He’s had a really positive impact on Dante, too. We’re all crossing our fingers that he’s OK injury-wise. I haven’t heard any news and that’s usually good news.


The depth of talent in Australian basketball is incredible at the moment.


It was exciting to see Dante showing up big in the playoffs. He’s obviously had a difficult couple of years getting on the court. He’s put in a lot of work into rehab. That can play on the mind of a young player.


He was so young entering the league, and physicality was an area he struggled with early in his NBA career. To see him grow into that and be prepared to lay his body on people is really encouraging. It makes our medal chances better and better if he’s playing that way.


It’s difficult to be a rookie with high expectations. All that would have been building up for Dante.


I’m sure he feels released in many ways after his last month of basketball.


Utah Jazz & Boomers teammates Joe Ingles & Dante Exum




Patty found a good home several years ago in San Antonio. He’s part of that system now and Gregg Popovich and the rest of the organisation value the qualities that he brings.


They didn’t get the result this year, but he plays his role beautifully.


A trademark of all great coaches is that they make the role of each individual player perfectly clear. Pop is a master of this. Patty’s role has been clear and consistent. That has enabled him to polish his game and play at a high level.


He’s a great piece. They just didn’t have their fulcrum pieces on the court this year with Kawhi Leonard out. You need those fulcrum guys to create space and opportunity for guys like Patty. They struggled a bit with that.


But, given the opportunity, Patty is as legitimate a shooter as is out there.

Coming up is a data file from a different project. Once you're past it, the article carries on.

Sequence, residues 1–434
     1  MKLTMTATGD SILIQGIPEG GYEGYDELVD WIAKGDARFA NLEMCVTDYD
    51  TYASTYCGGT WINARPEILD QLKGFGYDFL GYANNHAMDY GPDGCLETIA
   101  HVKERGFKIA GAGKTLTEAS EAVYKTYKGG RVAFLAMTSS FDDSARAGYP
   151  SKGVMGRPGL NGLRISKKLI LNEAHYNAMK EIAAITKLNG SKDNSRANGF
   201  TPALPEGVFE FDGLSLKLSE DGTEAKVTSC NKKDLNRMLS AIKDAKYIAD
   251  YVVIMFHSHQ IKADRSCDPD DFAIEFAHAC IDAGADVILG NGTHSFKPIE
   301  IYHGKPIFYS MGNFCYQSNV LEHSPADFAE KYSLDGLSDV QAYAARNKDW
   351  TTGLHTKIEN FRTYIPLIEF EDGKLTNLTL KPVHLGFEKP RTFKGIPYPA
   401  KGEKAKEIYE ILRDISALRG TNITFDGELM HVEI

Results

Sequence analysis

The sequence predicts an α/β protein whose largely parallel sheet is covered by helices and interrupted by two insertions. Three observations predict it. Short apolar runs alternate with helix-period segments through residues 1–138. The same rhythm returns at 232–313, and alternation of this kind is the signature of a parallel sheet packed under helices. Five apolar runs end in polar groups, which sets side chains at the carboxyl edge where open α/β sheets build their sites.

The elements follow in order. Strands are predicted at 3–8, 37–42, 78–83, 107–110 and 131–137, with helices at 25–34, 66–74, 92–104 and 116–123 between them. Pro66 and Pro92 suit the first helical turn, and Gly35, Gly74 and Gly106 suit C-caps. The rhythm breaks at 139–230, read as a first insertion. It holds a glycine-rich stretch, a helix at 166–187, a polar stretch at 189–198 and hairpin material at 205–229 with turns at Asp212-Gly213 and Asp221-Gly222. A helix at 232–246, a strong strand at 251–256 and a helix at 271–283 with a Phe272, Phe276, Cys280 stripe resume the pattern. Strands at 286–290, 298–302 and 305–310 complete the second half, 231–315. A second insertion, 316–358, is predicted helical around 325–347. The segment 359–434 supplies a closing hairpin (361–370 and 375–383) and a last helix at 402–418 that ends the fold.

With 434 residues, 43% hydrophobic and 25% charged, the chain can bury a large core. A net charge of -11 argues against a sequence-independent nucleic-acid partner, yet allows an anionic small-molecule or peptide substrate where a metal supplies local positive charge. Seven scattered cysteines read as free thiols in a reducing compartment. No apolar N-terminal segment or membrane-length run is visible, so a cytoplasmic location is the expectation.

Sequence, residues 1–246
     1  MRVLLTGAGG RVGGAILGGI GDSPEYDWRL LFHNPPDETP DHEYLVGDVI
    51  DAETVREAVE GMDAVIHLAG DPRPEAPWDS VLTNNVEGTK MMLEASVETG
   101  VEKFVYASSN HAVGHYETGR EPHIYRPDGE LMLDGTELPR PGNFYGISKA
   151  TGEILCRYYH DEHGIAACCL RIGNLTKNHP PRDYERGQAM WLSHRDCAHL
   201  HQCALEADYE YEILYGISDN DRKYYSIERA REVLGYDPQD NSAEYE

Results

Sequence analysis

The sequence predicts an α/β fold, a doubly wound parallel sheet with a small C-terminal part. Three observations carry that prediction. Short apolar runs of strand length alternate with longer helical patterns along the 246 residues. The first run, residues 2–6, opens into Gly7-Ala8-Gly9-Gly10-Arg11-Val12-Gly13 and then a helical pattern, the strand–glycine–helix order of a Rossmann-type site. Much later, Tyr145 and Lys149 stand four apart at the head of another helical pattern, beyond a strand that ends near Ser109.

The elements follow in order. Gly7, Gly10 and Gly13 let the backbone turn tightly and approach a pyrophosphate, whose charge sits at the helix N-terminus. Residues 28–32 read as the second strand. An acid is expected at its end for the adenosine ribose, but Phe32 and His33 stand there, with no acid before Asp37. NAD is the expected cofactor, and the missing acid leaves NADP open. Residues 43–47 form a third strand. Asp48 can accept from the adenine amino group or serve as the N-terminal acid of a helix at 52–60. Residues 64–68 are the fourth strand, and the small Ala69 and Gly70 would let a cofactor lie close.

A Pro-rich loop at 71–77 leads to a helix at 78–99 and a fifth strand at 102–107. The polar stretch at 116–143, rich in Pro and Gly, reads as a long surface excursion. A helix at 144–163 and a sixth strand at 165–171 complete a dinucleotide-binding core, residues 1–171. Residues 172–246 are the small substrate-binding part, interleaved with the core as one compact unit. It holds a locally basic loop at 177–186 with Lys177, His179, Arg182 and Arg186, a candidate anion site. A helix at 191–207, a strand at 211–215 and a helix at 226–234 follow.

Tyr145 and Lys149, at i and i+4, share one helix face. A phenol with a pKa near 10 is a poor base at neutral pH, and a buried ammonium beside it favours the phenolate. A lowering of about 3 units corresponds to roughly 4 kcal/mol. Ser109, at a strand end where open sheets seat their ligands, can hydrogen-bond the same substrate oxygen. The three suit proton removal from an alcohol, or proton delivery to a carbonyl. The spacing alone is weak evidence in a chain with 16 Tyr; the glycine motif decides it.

He’s also taken great care of his body over the last five or six years. That’s been a huge part in his evolution as a world-class player.


San Antonio Spurs’ Patty Mills looks to get past Kyrie Irving of the Boston Celtics




Here’s the thing with Delly: you know that the frustrations of an injury-interrupted season will only have a positive impact in how he prepares for the next one.


Some guys can get down and discouraged when things don’t go their way. Delly gets determined.


It’s obviously been a difficult season with injury and other guys coming onto the roster competing for minutes. But the thing that Delly does great, no one can really compete with. He’s always going to have a home wherever he plays. He brings so many intangibles and adds value to a team.


The fact he has put his hand up to play in our qualifiers against Japan and the Philippines tells you everything you need to know about him. He’s not precious. He just loves to play basketball. 


It looks like Thon is going to do the same. That’s fantastic. It appears the two of them have developed a good friendship in Milwaukee. Delly is a steady example for Thon. They both have insatiable work ethics. They’re peas in a pod in that regard.


It doesn’t matter who you are, when you go into a new league you need guys to show you the way and help you along. Thon couldn’t be luckier. Delly is the best example you could have. And the Australian connection just doubles the value. It’s an ideal situation.


Now he just needs to get on the floor more. Hopefully, the coaching situation at the Bucks will provide that opportunity.


Matthew Dellavedova in action for the Milwaukee Bucks




The game has changed so much since I was playing. Some nights now you won’t even see a seven-footer on the floor. That super-versatile, switching-defensive, transition, everyone-can-handle-the-ball game is completely different to my days in the NBA.


I watch it and really enjoy it. The difference for me in the playoffs is the defensive application and intensity. It makes the game more interesting. Sometimes during the regular season it can get a little flat. I like to see the players challenged by real D and playing for something that counts.


To see a record contingent of Aussies thrive in this playoff environment is not only great to watch, it’s also highly encouraging building to the next Olympics.